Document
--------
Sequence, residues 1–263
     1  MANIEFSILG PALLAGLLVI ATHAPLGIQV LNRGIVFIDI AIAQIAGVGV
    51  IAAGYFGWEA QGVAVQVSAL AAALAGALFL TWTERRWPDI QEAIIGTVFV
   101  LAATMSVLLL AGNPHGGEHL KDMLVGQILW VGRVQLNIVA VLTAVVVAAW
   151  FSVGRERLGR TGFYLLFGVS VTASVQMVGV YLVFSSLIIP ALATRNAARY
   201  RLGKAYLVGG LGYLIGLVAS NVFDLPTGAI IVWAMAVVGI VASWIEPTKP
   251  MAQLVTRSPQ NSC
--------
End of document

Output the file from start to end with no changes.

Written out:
Sequence, residues 1–263
     1  MANIEFSILG PALLAGLLVI ATHAPLGIQV LNRGIVFIDI AIAQIAGVGV
    51  IAAGYFGWEA QGVAVQVSAL AAALAGALFL TWTERRWPDI QEAIIGTVFV
   101  LAATMSVLLL AGNPHGGEHL KDMLVGQILW VGRVQLNIVA VLTAVVVAAW
   151  FSVGRERLGR TGFYLLFGVS VTASVQMVGV YLVFSSLIIP ALATRNAARY
   201  RLGKAYLVGG LGYLIGLVAS NVFDLPTGAI IVWAMAVVGI VASWIEPTKP
   251  MAQLVTRSPQ NSC